The same thing is true of the president, the jurymen and their fellow-judges. It is observable that here and there a presiding justice succeeds in boring all concerned during even criminal cases interesting
in themselves; the incident drags on, and people are interested only in finally seeing the end of the matter. Other presiding justices again, fortunately the majority, understand how to impart apparent importance to even the simplest case. Whatever office anybody may hold,--he and his mates are commissioned in the common task, and should the thing come up for judgment, everybody does his best. The difference here is not due to temperamental freshness or tediousness; the result depends only upon a correct or incorrect psychological handling of the participants. The latter must in every single case be led and trained anew to interest, conscientiousness and co-operation. In this need lies the educational opportunity of the criminal judge. Whether it arises with regard to the accused, the witness, the associate justice, or the expert, is all one; it is invariably the same.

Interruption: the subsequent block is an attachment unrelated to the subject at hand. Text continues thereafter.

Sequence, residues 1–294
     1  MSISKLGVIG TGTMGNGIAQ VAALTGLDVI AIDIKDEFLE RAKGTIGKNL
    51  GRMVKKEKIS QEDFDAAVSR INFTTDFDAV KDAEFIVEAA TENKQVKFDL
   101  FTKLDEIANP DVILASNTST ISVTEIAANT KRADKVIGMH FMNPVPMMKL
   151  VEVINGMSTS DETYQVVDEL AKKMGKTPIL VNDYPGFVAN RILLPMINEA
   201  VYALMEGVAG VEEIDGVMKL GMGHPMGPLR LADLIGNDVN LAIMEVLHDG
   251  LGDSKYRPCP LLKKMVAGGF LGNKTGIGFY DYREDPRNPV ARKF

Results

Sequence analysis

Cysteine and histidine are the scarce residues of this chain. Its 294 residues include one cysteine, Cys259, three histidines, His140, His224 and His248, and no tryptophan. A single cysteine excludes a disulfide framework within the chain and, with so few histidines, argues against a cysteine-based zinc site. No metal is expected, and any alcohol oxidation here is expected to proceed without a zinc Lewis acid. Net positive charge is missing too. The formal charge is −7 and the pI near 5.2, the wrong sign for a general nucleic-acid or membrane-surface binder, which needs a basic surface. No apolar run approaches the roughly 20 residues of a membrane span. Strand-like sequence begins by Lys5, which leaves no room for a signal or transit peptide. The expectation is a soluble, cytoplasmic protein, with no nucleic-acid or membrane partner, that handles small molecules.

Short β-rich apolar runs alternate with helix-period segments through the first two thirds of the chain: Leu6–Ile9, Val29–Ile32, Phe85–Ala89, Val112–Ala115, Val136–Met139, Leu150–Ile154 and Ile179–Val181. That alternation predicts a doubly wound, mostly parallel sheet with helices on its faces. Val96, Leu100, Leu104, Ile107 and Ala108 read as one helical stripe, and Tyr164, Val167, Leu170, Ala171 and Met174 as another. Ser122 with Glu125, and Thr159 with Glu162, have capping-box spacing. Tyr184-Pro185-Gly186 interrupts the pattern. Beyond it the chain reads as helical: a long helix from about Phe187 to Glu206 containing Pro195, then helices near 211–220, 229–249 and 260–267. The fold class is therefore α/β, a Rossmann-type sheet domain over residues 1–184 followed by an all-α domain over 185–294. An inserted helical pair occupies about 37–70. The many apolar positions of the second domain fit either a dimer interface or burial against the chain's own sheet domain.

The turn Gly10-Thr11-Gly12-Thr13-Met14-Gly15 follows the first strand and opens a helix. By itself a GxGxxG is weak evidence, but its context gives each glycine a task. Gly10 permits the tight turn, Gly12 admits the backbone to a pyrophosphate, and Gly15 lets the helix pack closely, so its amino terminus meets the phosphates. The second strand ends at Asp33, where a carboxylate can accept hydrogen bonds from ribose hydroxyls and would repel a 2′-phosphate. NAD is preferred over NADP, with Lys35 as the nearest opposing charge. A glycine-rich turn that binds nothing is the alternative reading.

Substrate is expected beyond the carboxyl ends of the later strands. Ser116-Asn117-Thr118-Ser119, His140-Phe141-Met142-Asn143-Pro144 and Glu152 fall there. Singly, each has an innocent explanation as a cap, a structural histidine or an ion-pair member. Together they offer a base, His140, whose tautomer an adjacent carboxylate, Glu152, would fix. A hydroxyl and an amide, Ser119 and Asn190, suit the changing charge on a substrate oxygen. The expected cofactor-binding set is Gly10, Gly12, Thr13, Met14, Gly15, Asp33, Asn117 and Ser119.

That knowledge of human nature is for this purpose most important to the criminalist will be as little challenged as the circumstance that such knowledge can not be acquired from books. Curiously enough, there are not a few on the subject, but I suspect that whoever studies or memorizes them, (such books as Pockel's, Herz's, Meister's, Engel's, Jassoix's, and others, enumerated by Volkmar) will have gained little that is of use. A knowledge of human nature is acquired only (barring of course a certain talent thereto) by persevering observation, comparison, summarization, and further comparison. So acquired, it sets its possessor to the fore, and makes him independent of a mass of information with which the others have to repair their ignorance of mankind. This is to be observed in countless cases in our profession. Whoever has had to deal with certain sorts of swindlers, lying horsetraders, antiquarians, prestidigitators, soon comes to the remarkable conclusion, that of this class, exactly those who flourish most in their profession and really get rich understand their trade the least. The horsedealer is no connoisseur whatever in horses, the antiquarian can not judge the value nor the age and excellence of antiquities, the cardsharp knows a few stupid tricks with which, one might think, he ought to be able to deceive only the most innocent persons. Nevertheless they all have comfortable incomes, and merely because they know their fellows and have practiced this knowledge with repeatedly fresh applications.